A project aimed at “radically enhancing” understanding of canine genetics and inherited disease by creating the UK’s largest dog genome bank has reached another major milestone.
Researchers from the AHT hope the Give a Dog a Genome (GDG) project will give them a better understanding of where neutral variants occur in dogs’ DNA and where variants occur that may have a negative effect on health.
This will help them identify mutations that contribute to disease and develop a range of new DNA tests at a faster rate.
By sequencing the genome of one canine from 77 different breeds and analysing all 2.4 billion letters of DNA per genome, researchers hope to learn which genetic variants are neutral and which have a negative effect on health.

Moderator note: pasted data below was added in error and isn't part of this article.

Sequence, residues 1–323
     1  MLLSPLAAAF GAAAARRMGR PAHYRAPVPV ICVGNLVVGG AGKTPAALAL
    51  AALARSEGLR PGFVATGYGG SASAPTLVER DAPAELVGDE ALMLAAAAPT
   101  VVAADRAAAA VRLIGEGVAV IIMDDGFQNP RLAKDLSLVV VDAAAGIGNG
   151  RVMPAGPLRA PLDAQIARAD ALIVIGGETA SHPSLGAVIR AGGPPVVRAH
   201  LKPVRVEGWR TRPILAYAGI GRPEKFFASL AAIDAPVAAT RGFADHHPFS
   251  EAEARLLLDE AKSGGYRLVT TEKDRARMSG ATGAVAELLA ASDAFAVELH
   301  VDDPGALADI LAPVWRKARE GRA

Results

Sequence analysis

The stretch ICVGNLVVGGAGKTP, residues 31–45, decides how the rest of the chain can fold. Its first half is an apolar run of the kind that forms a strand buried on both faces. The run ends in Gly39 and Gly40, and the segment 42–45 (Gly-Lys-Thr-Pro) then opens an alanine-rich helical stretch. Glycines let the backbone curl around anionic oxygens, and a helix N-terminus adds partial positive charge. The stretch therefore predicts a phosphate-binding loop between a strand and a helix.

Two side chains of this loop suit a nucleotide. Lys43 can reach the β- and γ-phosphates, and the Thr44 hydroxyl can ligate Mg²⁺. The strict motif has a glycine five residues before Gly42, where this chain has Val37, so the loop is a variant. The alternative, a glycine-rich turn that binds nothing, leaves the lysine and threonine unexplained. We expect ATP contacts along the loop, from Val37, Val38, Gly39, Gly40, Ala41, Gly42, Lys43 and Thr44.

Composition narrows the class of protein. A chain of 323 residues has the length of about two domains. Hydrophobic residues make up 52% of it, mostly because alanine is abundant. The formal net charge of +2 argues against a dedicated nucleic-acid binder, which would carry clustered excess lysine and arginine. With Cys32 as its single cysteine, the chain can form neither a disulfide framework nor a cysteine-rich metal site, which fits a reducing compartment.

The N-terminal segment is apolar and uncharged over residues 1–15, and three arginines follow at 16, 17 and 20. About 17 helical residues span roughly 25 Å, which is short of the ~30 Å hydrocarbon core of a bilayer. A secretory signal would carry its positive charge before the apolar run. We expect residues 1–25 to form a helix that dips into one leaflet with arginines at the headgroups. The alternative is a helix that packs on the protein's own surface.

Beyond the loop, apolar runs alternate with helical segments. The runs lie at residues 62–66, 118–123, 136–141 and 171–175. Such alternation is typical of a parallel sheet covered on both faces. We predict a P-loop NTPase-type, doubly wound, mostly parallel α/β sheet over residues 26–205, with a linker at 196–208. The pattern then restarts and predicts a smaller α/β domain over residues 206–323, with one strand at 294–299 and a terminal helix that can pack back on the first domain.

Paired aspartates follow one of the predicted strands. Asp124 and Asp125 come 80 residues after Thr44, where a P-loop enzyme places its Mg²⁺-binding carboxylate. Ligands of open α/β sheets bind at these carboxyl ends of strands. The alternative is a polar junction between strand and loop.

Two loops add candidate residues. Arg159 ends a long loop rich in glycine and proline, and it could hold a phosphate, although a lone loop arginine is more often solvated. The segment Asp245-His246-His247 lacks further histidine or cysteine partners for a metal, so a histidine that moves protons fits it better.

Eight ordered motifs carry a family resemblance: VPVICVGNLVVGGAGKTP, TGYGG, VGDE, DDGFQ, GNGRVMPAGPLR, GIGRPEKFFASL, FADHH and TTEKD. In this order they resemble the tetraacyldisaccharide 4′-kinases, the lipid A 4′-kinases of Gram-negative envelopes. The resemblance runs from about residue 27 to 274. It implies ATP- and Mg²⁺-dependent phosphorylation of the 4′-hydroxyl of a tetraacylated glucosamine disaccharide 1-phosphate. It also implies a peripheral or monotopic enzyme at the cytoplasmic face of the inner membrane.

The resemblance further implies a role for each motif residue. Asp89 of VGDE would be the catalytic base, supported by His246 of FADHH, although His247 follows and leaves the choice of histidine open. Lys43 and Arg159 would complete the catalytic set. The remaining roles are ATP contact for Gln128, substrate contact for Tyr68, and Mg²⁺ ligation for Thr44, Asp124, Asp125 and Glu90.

To date, DNA samples from 40 dogs, comprising 38 different breeds, have been sent for sequencing, most affected with one of 16 different inherited diseases, all of which will act as key research areas throughout the project.
Sequencing has been completed for 36 of the 40 dogs and the data for these 36 genomes has been received by the AHT for analysis.
Cathryn Mellersh, head of canine genetics at the AHT, told of her excitement at having reached this “very important stage”.
She said: “We have shown we can generate and analyse vast amounts of sequence data efficiently, and the next few months should see the fruits of all the hard work start to become apparent in terms of new mutations identified.”
It is hoped all of the DNA will be sequenced by the end of the year, enabling analysis to get underway in 2018, which, in turn, will allow the scientists to start using the genome bank to identify disease-causing mutations.
- Read the full story in the 19 June issue of Veterinary Times.